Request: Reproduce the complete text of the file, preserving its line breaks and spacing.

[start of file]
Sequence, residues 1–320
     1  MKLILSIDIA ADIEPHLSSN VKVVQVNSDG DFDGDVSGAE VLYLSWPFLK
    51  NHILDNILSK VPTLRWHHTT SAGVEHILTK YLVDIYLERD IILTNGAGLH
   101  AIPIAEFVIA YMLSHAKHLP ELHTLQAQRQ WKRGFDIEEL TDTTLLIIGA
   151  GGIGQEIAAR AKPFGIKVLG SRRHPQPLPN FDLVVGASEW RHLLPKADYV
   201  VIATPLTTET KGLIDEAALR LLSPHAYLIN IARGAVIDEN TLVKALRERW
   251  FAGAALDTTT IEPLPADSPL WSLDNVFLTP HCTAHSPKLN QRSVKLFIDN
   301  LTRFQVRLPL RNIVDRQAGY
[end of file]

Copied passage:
Sequence, residues 1–320
     1  MKLILSIDIA ADIEPHLSSN VKVVQVNSDG DFDGDVSGAE VLYLSWPFLK
    51  NHILDNILSK VPTLRWHHTT SAGVEHILTK YLVDIYLERD IILTNGAGLH
   101  AIPIAEFVIA YMLSHAKHLP ELHTLQAQRQ WKRGFDIEEL TDTTLLIIGA
   151  GGIGQEIAAR AKPFGIKVLG SRRHPQPLPN FDLVVGASEW RHLLPKADYV
   201  VIATPLTTET KGLIDEAALR LLSPHAYLIN IARGAVIDEN TLVKALRERW
   251  FAGAALDTTT IEPLPADSPL WSLDNVFLTP HCTAHSPKLN QRSVKLFIDN
   301  LTRFQVRLPL RNIVDRQAGY